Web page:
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Criminal Law » Assault and Violence

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Common assault is one of the most commonly prosecuted offences in the Local Court, with a maximum penalty of 2 years imprisonment.

Assault occasioning actual bodily harm involves an assault which inflicts some “actual bodily harm”. With a maximum penalty of 5 years imprisonment, it is a serious offence.

Committed when a person uses or threatens
unlawful violence towards another that would cause a person of reasonable
firmness present at the scene to fear for his or her personal safety.

The assault of police officers is a serious offence, primarily because of the vulnerable position police are placed in but and also because of the need for general deterrence.

Under section 546C of the Crimes Act 1900, it is an offence to resist or hinder a police officer in the execution of his or her duty. It is also an offence under this section to incite another person to assault, resist or hinder a police officer in the execution of his or her duty…. Read more »

Wounding or causing grievous bodily harm (GBH) to any person with intent is an offence under section 33 of the Crimes Act 1900. The offence carries a maximum penalty of 25 years’ imprisonment and cannot be dealt with in the Local Court. What the prosecution must prove To be found guilty of recklessly causing GBH,… Read more »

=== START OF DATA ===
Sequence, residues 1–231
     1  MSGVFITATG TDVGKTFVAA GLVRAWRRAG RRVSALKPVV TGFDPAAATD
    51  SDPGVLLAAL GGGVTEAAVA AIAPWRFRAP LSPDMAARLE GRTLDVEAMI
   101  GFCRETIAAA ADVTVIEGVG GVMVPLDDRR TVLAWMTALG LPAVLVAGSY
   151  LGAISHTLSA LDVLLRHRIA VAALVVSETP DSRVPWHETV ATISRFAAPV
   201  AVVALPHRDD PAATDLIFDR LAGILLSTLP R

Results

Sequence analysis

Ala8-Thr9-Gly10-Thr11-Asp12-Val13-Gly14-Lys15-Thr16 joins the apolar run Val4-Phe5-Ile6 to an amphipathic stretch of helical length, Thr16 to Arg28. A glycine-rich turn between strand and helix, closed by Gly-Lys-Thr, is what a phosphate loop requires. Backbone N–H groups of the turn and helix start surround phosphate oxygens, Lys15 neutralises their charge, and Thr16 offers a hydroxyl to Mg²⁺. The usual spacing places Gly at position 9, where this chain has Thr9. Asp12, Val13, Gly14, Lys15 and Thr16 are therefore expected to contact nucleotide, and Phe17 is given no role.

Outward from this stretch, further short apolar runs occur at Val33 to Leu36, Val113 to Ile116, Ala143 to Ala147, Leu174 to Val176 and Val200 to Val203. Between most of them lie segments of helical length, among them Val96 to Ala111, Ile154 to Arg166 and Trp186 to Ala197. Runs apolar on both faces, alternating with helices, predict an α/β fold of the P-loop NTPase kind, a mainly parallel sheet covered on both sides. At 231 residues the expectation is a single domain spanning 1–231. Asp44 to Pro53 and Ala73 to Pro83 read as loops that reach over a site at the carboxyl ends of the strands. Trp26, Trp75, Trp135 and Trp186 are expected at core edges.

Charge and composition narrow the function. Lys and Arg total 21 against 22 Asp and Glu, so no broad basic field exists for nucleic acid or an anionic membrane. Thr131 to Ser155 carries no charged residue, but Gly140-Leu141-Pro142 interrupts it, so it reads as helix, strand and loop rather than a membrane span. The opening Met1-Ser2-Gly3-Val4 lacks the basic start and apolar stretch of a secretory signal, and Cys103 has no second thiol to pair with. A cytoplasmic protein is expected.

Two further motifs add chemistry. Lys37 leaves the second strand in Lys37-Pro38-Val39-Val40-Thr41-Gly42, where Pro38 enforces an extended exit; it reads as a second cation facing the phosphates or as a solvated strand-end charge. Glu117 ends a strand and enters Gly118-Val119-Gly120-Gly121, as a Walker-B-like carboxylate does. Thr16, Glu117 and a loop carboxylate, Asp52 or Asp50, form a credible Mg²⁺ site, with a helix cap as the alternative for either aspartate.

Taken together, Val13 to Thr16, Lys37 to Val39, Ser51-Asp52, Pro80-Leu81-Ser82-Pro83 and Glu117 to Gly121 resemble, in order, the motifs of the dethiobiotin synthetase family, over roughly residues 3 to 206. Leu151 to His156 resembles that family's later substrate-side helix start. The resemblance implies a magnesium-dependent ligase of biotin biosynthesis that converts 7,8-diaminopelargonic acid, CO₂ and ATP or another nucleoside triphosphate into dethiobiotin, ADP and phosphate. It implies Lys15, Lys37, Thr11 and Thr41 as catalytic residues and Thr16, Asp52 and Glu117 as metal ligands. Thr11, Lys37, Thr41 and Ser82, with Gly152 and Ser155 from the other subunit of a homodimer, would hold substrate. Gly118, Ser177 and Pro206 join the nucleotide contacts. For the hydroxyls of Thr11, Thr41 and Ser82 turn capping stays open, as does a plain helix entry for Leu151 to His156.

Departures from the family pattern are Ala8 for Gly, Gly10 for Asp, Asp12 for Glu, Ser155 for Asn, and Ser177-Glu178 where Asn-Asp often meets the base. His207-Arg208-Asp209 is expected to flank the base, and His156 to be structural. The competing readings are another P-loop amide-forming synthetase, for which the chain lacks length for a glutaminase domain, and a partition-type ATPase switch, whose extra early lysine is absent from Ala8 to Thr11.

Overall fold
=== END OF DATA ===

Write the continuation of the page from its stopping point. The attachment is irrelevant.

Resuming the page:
Possession or use of a prohibited weapon is serious offence carrying a significant maximum penalty of 14 years imprisonment. The Weapons Prohibition Act 1998 makes it an offence to possess or use a prohibited weapon unless the person holds a permit to possess or use the weapon.

Possessing a pistol or prohibited firearm without the requisite licence or permit is a serious criminal offence. In the Firearms Act 1996 (NSW), there are three possible offences a person can be charged with if you have possession of a firearm or pistol and do not have the necessary licence or permit. The offences are… Read more »

In New South Wales, it an offence to have possession of a knife in a public place or school, if you do not have a reasonable excuse for having possession of that knife. Possessing a knife in a public place or school is an offence in contravention of section 11C of the Summary Offences Act… Read more »

Reckless wounding is an offence under section 35 of the Crimes Act 1900 and carries a maximum penalty of 7 years’ imprisonment, or 10 years if committed in company. Reckless wounding is a “Table 1” offence, which means it can be dealt with in the Local Court unless the Prosecution or Defence elects to have… Read more »

Recklessly causing grievous bodily harm (GBH) typically involves the infliction of serious injuries on a victim. As a consequence, it is treated seriously by the courts and this is reflected in the maximum penalty of 10 years imprisonment.